Finally, they want to ‘diversify the housing market’, allowing smaller builders to develop; encourage more building of affordable and council homes by housing associations and local authorities, and encourage institutional investment in the private rented sector. 

And, if you ever fancied building a home of your own, there is even support for you. 

Some of these initiatives - not all - will impact the private rented sector, so it’s in your interest as a landlord to be aware of how the proposed changes might affect you. If you feel strongly enough about any aspect, you can then give feedback to the government via the consultation process.   

What’s relevant to the private rented sector? 

The key policies that will impact the PRS are those that alter the demand and supply of rented homes. Tenants tend to be one of the following:

  • Those renting because they are waiting for social/council housing
  • Students
  • Migrant workers (UK nationals and those from abroad)  
  • People who are renting because they can’t afford to buy a home in the area they live
  • Those who genuinely prefer to rent a home than buy. 

The supply of suitable housing for all these tenant types needs to be addressed.

Institutional build to rent expected to increase supply and long-term rentals

The key policy already in place is encouraging more institutional investors, “including for building more homes for private rent, and encouraging family-friendly tenancies… and supporting housing associations and local authorities to build more homes.”  

According to the British Property Federation, there are “80,322 build to rent units completed, under construction, or with planning permission in the UK. The split between London and the regions is almost even, with 38,079 of these in London, and 42,244 elsewhere.” The sector is expected to deliver another 15,000 units each year up to 2030*. 

The key thing for you, as an existing landlord, is to check what’s being built in your area and also future plans – the BPF’s website has a clickable build to rent map: http://www.bpf.org.uk/what-we-do/bpf-build-rent-map-uk.*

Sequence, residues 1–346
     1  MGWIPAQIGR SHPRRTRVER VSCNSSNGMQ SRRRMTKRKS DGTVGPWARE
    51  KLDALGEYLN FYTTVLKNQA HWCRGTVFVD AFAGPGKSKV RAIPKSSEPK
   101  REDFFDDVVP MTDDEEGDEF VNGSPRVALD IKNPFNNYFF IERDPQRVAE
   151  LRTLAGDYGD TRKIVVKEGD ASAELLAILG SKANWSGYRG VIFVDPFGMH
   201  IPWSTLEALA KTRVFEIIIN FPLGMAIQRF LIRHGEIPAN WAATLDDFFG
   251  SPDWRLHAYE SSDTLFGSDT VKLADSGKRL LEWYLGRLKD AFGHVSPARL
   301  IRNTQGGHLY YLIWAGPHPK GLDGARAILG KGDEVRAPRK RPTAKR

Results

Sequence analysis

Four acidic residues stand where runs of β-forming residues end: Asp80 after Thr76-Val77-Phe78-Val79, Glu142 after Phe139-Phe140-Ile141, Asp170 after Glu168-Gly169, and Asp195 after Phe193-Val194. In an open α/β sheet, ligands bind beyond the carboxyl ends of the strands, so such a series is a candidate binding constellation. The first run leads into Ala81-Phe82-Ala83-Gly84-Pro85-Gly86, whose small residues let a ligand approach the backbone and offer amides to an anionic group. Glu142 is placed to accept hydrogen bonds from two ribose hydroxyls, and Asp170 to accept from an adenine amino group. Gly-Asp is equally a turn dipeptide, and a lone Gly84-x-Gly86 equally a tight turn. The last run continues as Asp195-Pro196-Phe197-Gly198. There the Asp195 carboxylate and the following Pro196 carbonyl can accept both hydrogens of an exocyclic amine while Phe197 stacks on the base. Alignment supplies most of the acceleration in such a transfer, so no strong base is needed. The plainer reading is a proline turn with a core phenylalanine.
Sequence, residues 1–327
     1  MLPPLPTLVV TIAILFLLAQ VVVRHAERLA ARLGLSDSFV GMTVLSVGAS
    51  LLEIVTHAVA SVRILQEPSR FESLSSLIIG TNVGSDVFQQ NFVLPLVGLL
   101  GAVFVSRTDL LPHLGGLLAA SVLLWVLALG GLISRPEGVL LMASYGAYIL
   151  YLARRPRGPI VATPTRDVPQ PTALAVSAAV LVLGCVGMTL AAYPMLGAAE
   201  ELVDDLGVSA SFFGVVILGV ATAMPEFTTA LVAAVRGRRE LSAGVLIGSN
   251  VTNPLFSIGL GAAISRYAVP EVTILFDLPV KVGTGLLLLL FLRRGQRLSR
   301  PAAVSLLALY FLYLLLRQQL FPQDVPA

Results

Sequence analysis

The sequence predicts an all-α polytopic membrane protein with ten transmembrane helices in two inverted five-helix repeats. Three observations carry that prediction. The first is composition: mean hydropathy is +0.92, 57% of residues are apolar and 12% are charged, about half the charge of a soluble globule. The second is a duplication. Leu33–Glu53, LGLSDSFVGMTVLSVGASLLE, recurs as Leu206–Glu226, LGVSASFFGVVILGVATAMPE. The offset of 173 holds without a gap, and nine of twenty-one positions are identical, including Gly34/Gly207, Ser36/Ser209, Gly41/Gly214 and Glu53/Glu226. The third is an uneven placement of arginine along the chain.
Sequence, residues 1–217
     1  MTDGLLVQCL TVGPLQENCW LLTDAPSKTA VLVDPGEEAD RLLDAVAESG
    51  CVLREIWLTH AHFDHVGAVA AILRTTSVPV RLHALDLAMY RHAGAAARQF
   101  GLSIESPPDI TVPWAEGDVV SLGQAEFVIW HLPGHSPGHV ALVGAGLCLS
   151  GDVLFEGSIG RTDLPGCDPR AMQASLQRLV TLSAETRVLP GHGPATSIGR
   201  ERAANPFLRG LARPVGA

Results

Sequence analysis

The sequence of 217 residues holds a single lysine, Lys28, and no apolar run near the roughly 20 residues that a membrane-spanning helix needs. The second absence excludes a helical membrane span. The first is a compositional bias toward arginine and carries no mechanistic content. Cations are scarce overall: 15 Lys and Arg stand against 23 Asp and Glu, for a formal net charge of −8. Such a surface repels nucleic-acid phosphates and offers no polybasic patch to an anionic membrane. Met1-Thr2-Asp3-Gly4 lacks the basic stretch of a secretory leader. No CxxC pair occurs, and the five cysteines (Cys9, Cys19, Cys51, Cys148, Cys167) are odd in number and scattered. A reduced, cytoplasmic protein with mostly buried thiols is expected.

More affordable homes for rent

The latest figures from Shelter’s Housing Databank suggest there are approximately 1.2 million households on council waiting lists. As the private rented sector or emergency accommodation (often B&Bs) are the only other forms of tenure, the Government’s plans to help increase the number of more affordable and council homes for rent may impact on individual landlords. For example, in Manchester they are building the first new council homes for rent for the first time in five years ( http://www.manchestereveningnews.co.uk/news/greater-manchester-news/new-council-houses-set-built-12557458)* and, according to the Manchester Evening News, are planning to build 56 new homes in Higher Blackley, Moston and Collyhurst, while nearby Salford is planning to build low-cost social housing for the first time in three decades. 

So what are the next steps?

Consultation on changes to planning policy and legislation in relation to planning for housing, sustainable development and the environment. The consultation closes on the 2 May 2017. Find out more here.*

*Please be aware that by clicking onto the above links you are leaving the Reeds Rains website.  Please note that neither Reeds Rains or First Complete Ltd are responsible for the accuracy of the information contained within the linked site(s) accessible from this page.